Economic evaluation of the prevention and treatment of breast cancer-present status and open issues
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More effective methods of preventing and treating breast cancer are being sought by clinicians every day, and new drugs and interventions for overcoming this cancer are being energetically evaluated. At present, there are wide treatment options and many different objectives for breast cancer. These circumstances led us to seek information about the relative costs of the different medical options for the prevention and treatment of breast cancer and to try to ascertain whether one course of action is more efficient than other courses. Economic evaluation of healthcare is indispensable for selection of the best alternatives among medical interventions which are becoming more diverse day after day. The total medical expenditure continues to rise each year and some sort of evaluation from an objective and external viewpoint is required to provide the information with which to suppress this rise.
This paper surveys the three major reports published on this topic to date, for the purpose of demonstrating the importance and necessity of performing an economic analysis of the treatment and prevention of breast cancer. The three reports to be surveyed pertain to: (1) cost-effectiveness analysis of adjuvant chemotherapy for patients with lymph node negative breast cancer, (2) cost utility analysis of first-line hormonal therapy in advanced breast cancer, namely comparison of two aromatase inhibitors to tamoxifen, and (3) cost-effectiveness analysis of tamoxifen in the prevention of breast cancer. In addition, this paper discusses the advantages, limitations and perspective for the future of the economic evaluation of healthcare for breast cancer.
(1) The authors concluded that if the average risk of all women of undergoing recurrence after this therapy is assumed to be 4% per year, adjuvant chemotherapy is definitely of benefit for node-negative, estrogen receptor-negative breast cancer patients. They additionally stated that this benefit decreases markedly if the changes in long-term survival are less than those in disease-free survival. In this connection, they pointed out that the benefit is considerably smaller among postmenopausal 60-year-old women. (2) The incremental cost per quality-adjusted progression-free life year (QAPFY) for letrozole and anastrozole, relative to tamoxifen, was Can $12, 500-19, 600, which was lower than the criterion level (US $50, 000). On the basis of this result, the authors concluded that these two drugs are economically acceptable. Furthermore, when efficacy and cost effectiveness were analyzed together, it was concluded that letrozole is in fact preferable to anastrozole. (3) The model analysis of tamoxifen’s cost effectiveness among women at increased risk for breast cancer yielded the following results. In the base-case analysis, involving the calculation of the costs and benefits of 5-year tamoxifen administration, the incremental cost effectiveness of tamoxifen was $41, 372 per life-year gained for women age 35 to 49 years, whereas for women age 50 to 59 years and 60 to 69 years, these values were $68, 349 and $74, 981, respectively. For women who had undergone hysterectomy and thus had no risk of the onset of endometrial cancer, the incremental cost effectiveness of tamoxifen was $46, 060 per life-year gained.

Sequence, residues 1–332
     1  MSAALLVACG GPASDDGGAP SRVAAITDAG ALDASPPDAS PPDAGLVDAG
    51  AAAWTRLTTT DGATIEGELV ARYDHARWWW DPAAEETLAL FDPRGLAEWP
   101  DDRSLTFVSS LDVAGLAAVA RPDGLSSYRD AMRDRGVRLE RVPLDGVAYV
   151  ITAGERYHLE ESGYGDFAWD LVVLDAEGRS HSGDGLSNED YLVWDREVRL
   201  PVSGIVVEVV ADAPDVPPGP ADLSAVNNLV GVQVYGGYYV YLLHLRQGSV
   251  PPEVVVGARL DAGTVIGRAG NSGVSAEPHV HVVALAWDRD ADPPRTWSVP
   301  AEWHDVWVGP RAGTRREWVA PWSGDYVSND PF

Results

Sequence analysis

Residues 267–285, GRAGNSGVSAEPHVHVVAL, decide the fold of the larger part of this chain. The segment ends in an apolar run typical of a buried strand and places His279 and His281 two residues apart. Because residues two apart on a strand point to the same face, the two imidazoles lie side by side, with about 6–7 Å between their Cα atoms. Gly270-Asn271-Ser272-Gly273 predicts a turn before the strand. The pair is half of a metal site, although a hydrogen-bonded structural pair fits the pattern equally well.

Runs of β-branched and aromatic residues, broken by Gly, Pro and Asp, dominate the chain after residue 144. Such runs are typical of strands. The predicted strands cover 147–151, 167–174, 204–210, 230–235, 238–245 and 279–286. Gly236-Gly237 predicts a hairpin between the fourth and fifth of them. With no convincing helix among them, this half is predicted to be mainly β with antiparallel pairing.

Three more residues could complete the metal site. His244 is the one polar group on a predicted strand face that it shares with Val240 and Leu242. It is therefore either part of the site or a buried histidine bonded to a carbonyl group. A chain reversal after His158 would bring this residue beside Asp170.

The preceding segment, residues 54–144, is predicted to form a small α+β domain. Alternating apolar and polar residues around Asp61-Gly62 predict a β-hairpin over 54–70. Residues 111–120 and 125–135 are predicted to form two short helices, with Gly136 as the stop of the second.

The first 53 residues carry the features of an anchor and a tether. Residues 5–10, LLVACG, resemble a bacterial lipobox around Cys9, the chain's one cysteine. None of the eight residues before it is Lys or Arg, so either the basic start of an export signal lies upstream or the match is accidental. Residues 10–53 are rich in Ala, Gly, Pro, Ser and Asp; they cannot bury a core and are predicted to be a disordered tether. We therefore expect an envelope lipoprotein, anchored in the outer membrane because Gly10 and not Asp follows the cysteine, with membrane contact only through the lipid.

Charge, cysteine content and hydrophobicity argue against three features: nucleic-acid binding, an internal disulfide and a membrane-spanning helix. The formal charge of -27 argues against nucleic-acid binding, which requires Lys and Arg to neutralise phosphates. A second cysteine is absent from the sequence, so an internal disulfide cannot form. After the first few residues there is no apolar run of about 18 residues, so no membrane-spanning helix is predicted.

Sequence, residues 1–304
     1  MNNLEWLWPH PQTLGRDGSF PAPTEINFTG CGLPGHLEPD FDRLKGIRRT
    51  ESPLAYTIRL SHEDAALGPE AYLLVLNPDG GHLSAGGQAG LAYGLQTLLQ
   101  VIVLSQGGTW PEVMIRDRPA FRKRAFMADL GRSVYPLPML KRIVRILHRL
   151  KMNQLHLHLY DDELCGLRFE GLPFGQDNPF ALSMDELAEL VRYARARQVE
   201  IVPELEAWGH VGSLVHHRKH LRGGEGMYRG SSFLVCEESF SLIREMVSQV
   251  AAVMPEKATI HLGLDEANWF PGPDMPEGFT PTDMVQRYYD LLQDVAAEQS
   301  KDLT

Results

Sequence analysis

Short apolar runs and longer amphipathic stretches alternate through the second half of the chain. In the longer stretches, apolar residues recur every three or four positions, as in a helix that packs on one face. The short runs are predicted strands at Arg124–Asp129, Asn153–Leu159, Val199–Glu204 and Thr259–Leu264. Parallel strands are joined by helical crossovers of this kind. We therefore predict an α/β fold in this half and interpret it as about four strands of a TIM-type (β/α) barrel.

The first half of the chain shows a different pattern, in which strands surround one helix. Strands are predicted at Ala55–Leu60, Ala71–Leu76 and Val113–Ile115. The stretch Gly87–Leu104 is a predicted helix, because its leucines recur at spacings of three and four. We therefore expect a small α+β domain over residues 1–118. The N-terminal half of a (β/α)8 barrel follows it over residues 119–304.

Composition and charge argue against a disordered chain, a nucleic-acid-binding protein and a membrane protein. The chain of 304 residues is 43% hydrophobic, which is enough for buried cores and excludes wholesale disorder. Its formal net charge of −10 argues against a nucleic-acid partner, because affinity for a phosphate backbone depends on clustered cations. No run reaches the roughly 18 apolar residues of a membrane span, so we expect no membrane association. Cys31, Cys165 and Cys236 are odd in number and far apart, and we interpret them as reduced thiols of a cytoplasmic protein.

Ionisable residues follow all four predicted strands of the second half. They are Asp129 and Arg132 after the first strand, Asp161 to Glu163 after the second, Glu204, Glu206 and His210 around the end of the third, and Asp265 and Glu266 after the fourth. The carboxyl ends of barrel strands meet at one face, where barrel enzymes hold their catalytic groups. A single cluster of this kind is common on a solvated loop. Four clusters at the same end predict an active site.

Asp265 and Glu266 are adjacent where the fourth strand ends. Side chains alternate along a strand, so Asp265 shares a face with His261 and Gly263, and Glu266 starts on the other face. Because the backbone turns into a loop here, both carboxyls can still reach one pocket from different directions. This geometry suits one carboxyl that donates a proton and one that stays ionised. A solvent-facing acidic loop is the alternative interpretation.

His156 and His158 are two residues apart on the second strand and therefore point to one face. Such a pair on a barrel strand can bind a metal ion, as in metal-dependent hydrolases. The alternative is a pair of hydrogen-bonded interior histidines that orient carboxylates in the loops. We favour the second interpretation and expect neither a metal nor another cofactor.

Medico-economic evaluation of breast cancer is very significant and valuable and is expected to stimulate efficient utilization of healthcare resources. It can provide important information to physicians, patients, insurers, pharmaceutical and other industries, healthcare policy planners, and others.
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- Economic evaluation of the prevention and treatment of breast cancer-present status and open issues
Volume 14, Issue 1 , pp 81-87
- Cover Date
- Print ISSN
- Online ISSN
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- Breast cancer
- Economic evaluation
- Cost-effectiveness analysis
- Cost-utility analysis
- Industry Sectors
- Author Affiliations
- 1. Department of Epidemiology, National Institute of Public Health, 2-3-6 Minami, 351-0197, Wako-shi, Saitama-ken, Japan
- 2. Division of Surgery, Breast Oncology, Nyuwakai Oikawa Hospital, Japan
- 3. Department of Breast Oncology, National Hospital Organization Shikoku Cancer Center, Japan
- 4. Department of Health Science and Social Welfare, School of Human Sciences Waseda University, Japan
- 5. Department of Healthcare and Social Services, Faculty of Service Industries, University of Marketing and Distribution Sciences, Japan